Understanding Radiation Pattern and Gain

By January 10, 2023 Siretta Blogs

An antenna’s radiation pattern and gain describe how symmetrically it radiates or absorbs electromagnetic radiation, depending on whether it is transmitting or receiving. These parameters are usually given for the frequencies at which the antenna is designed to operate, as they can vary with frequency.

The reference for radiation patterns/gain is an isotropic radiator or receiver, which is hypothetical and radiates or receives uniformly in all directions. Gain quantifies how an antenna deviates from an isotropic radiator or receiver, and the radiation pattern is a way of visualizing this deviation. The radiation pattern is plotted on three orthogonal planes (x, y, and z) to represent the three dimensions in which the antenna radiates or receives. The x and y planes are the azimuthal planes, and the z plane is the elevation plane.

The power density plot of an isotropic radiator, which radiates uniformly in all directions, will be the same in any plane (x, y, or z). The plotted power from an isotropic transmitter will be a perfect sphere. Gain is the measure of how an antenna deviates from an isotropic radiator or receiver and is measured on a logarithmic scale in units of dBi, which is a ratio and stands for ‘decibel relative to isotrope’.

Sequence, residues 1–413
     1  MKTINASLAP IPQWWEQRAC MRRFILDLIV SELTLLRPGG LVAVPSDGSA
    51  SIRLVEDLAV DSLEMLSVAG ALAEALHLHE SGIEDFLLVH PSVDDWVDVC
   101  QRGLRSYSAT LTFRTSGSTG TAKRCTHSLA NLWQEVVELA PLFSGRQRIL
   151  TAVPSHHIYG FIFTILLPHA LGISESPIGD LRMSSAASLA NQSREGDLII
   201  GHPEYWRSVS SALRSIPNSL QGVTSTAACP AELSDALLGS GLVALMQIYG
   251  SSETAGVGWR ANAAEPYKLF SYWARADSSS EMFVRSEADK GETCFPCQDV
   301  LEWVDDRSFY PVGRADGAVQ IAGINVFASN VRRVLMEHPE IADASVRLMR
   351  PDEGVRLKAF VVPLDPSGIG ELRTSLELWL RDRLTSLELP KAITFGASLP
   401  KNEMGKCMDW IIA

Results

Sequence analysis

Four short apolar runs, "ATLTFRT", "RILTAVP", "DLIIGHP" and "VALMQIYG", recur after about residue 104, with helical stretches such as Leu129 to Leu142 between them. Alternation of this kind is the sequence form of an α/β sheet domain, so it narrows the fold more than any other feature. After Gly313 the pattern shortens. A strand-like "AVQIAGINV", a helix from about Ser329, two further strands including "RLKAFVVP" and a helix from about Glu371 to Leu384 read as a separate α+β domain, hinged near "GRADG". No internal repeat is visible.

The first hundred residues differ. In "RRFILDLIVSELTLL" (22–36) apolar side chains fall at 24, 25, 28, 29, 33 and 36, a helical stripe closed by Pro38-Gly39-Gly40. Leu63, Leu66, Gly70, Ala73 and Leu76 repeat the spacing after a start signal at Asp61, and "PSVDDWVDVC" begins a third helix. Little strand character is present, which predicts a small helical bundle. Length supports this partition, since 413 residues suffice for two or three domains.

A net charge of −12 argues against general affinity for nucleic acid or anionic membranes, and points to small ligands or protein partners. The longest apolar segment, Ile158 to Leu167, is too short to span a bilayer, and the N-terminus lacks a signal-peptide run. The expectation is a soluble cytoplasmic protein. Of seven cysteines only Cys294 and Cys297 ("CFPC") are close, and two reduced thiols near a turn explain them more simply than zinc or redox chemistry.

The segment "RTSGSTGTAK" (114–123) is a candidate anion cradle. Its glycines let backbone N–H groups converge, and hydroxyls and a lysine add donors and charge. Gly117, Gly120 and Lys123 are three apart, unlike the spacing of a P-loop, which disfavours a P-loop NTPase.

A gain of 0 dBi represents the same power density as an isotropic transmitter, while a gain of +3 dBi represents a 100% increase in power density (doubling). For those unsure of what the logarithmic scale is, common dBi gains and their corresponding ratio are listed here:

There are three types of antenna radiation patterns: reference isotropic, omnidirectional, and directional. An omnidirectional antenna produces a field of approximately equal intensity in all directions along the azimuthal plane, but the power may vary on the elevation plane. A directional antenna radiates primarily in one direction. Remember that Gain refers to the direction in which an antenna focuses its power but does not necessarily indicate that an antenna is better for a particular application. A gain in power in one direction will result in a loss of power in other directions, which can be seen in the radiation pattern plot of a directional antenna.

Find our ‘New Datasheets” within our Antenna Selector Tool, by filtering on preferred character features which will narrow down to associated product PDFs, where you can access detailed information on antenna gain, including 2D and 3D radiation plots and a useful chart showing peak gain vs. frequency.